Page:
KANO, Nigeria (AP) — Jubilant youths overran a blood-splattered police station on Wednesday after it was attacked by a radical Islamist sect, revealing a streak of popular discontent with a government that many say has failed them in Africa's most populous nation.
Suspected members of Boko Haram surrounded the police station Tuesday night in Kano, ordered civilians to get off the street, began chanting "God is great" and threw homemade bombs into the station while spraying it with assault rifles, witnesses said. The attack followed coordinated assaults on Friday that killed at least 185 people in Kano, Nigeria's second-largest city.
Associated Press journalists on Wednesday saw that youths had overrun the bombed-out station in the Sheka neighborhood of this sprawling city in northern Nigeria.
Doors to jail cells stood open. Blood coated the floor of the local commander's private bathroom. Investigative files that had apparently been rifled through were spilled on the floors. Cheering youths outside waved an officer's uniform and jumped up and down on top of a burned-out police truck, with one wearing a police ballistic helmet, smiling.
Others in the crowd said in the local Hausa language they would kill any police officer who returned. Some ominously asked journalists visiting the site if they were Christians.
"We are not satisfied with what is happening now," said 26-year-old Abubakar Muawuya. Our leaders "have to call this Boko Haram and sit down with them."
Kano state police spokesman Magaji Musa Majiya did not immediately respond to a request for comment Wednesday morning. No one immediately claimed responsibility for the attack, though it followed the pattern of others carried out by Boko Haram, including the use of improvised explosives.
The sect, whose name means "Western education is sacrilege" in Hausa, has claimed responsibility for Friday coordinated attacks in Kano.
Boko Haram wants to implement strict Shariah law and avenge the deaths of Muslims in communal violence across Nigeria, a multiethnic nation of more than 160 million people split largely into a Christian south and Muslim north.
On Wednesday, Niger's foreign minister said the sect received training and weapons from al-Qaida's North African wing.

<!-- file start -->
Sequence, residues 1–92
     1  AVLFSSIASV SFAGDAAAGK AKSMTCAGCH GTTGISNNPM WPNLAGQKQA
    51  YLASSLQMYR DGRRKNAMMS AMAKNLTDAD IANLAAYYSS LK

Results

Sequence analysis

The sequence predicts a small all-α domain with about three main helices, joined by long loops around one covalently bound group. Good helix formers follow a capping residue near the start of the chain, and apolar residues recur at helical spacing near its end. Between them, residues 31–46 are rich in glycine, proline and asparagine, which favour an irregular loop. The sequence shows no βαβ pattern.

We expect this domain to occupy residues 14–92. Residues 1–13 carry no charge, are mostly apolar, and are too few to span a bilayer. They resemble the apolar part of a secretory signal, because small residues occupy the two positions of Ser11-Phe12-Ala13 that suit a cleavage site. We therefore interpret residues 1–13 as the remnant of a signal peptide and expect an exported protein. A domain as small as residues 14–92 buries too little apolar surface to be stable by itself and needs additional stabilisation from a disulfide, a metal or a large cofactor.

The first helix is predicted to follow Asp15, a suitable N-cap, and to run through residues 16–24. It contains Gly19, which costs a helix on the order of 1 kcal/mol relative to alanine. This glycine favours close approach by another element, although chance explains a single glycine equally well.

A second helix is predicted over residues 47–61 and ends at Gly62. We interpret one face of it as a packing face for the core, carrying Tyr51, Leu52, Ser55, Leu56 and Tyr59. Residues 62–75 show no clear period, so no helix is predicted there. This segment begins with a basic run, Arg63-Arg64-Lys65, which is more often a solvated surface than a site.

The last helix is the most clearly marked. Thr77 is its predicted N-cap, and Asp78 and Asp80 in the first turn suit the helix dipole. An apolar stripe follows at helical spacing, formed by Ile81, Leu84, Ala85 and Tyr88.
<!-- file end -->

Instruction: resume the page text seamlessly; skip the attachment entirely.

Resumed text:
Mohamed Bazoum said in Mauritania's capital that members of Boko Haram have had training and received explosives from al-Qaida in the Islamic Maghreb.
"There is no doubt the two organizations are connected and that they have the same objective of destabilizing our region," he said.
Ministers from the West African region met Wednesday in Mauritania, and vowed to intensify their efforts against the groups.
While Boko Haram has begun targeting Christians in the north, most of those killed Friday appeared to be Muslim, officials said.
Nigeria's weak and corruption-riddled central government has been unable to stop Boko Haram's increasingly bloody attacks.
Nigeria is an oil-rich nation but most Nigerians don't see the benefits and earn less than $2 a day. They have to contend with a rotting infrastructure like bad roads and a lack of electrical power, and seeming government indifference to the problems. The level of anger is high as democracy in a nation with a history of military rule has failed to markedly improve people's lives.
When President Goodluck Jonathan on Jan. 1 ended a fuel subsidy that kept prices at the pump low, unions launched a nationwide strike and streets of cities filled with protesters, forcing the president to partially reinstate the subsidy.
Associated Press writer Ahmed Mohamed in Nouakchott, Mauritania, contributed to this report.
Jon Gambrell can be reached at www.twitter.com/jongambrellAP.